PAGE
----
Inspectors found that the best primary schools are capable of providing effective teaching in science, foreign languages and all other subjects, without undermining pupils’ progress in literacy and numeracy. It should not be an ‘either/or’ situation. The best primary schools recognise that providing excellent teaching in subjects like foreign languages and science promotes good literacy and numeracy skills. This complements, rather than detracts from, the focus on English and mathematics.

In my years of experience as a headteacher, I often found that good language and science teachers were among the best at engaging with children and instilling in them an abiding interest and curiosity in the subject. If children are ‘switched off’ by poor, unchallenging lessons, this is likely to have an impact on the future take-up of these subjects. We must therefore ensure that primary-age pupils are inspired by effective teaching of science and foreign languages, from properly trained and qualified staff, and that the pupils’ enquiring minds and natural curiosity are nurtured.

It is fair to say that in recent years, Ofsted’s inspections of primary schools have prioritised the quality of provision in English and mathematics. In my view, this has helped to bring about the improved performance and standards I referred to at the start of this commentary.

However, the evidence from this recent investigation has convinced me that we need to put as sharp a focus on the other subjects as we do on English and mathematics. As a result, I have reminded inspectors that they should always be looking closely at the subjects of the wider primary curriculum, including science and foreign languages, as set out in the inspection handbook.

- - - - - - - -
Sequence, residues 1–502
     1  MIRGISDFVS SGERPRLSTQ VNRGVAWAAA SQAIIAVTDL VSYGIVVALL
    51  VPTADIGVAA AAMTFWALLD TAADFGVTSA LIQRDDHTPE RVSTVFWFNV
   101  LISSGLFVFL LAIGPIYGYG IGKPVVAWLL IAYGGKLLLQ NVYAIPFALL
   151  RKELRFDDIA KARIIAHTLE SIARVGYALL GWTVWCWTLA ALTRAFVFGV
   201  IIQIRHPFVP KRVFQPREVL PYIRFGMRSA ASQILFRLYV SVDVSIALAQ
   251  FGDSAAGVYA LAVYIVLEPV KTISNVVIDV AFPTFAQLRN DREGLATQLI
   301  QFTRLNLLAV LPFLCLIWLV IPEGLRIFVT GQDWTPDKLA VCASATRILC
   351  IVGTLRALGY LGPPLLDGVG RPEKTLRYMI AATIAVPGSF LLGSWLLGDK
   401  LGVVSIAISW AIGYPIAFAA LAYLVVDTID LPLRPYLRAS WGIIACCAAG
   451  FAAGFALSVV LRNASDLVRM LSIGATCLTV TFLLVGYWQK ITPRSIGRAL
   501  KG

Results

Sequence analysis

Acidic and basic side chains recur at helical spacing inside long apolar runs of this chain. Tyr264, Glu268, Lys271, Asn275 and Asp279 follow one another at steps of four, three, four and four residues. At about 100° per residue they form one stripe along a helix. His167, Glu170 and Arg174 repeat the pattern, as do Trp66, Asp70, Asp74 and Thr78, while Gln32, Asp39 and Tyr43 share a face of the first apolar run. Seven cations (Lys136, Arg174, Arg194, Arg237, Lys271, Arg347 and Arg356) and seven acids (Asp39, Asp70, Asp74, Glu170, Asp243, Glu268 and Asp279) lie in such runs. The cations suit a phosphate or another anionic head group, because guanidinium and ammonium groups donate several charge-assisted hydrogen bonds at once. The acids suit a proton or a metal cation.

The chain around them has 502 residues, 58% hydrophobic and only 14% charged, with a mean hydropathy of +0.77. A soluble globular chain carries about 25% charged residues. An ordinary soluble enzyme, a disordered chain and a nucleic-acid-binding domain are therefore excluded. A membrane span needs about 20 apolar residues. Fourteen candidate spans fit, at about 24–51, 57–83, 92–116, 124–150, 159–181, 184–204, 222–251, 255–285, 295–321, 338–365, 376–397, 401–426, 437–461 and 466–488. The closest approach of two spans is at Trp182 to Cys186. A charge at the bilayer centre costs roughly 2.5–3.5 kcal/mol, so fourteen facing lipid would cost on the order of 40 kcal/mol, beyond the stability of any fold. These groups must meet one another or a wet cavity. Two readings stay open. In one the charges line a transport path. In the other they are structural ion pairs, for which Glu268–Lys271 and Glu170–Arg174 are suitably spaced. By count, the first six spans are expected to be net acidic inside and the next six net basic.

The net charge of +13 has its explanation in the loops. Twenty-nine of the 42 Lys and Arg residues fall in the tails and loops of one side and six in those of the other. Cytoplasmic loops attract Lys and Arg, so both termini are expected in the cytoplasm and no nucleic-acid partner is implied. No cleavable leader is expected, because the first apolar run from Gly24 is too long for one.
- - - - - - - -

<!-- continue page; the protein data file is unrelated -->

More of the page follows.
We need to ensure that primary schools are preparing pupils effectively for the more rigorous academic challenges that they will now face when they reach secondary school.

Over half of primary school teachers say science is getting squeezed out

The CBI has revealed the obstacles that primary schools and teachers have to overcome if they are to inspire future generations of scientists and engineers.

[Download the full report, © Copyright CBI 2015]

The UK’s leading business organisation has published new research showing that the majority of primary teachers believe science has become less of a curriculum priority, with over a third of schools now providing less than the recommended two hours of science education a week.

The report co-authored by Brunel University London, the CBI reveals:

  • 53% of the 260 primary school teachers surveyed by the CBI believe teaching science has become less of a priority over the past 5 years (32.5% say it has not changed, 14.5% say it is now more of a priority)
  • A third of teachers (33%) lack confidence when teaching science (13% felt very confident, 54% were confident)
  • 62% want more professional development to build their confidence while 39% called for a science subject specialist within their primary school
  • Over a third (36%) of schools teaching science at Key Stage 2 in the survey do not provide the minimum recommended 2 hours of science education each week. Only 20% are able to commit over three hours, while 7.5% of primary schools teach under one hour each week.

John Cridland, CBI Director-General, said:

“Science education in primary schools is being squeezed out, with over half of teachers believing it has become less of a priority with too many schools struggling to teach the recommended two hours every week.

“How can we expect to inspire future generations of scientists and engineers if we don’t deliver high-quality and inspiring science lessons at primary school age? If we are not careful, too many children will have lost interest in science before they hit their teens.

“A lack of science, technology, engineering and maths skills are already holding back economic growth and this will only get worse if we don’t energise the next generation. Pupils need innovative, fun lessons with access to the latest science kit and need to break free of the classroom more to visit cutting-edge companies and universities.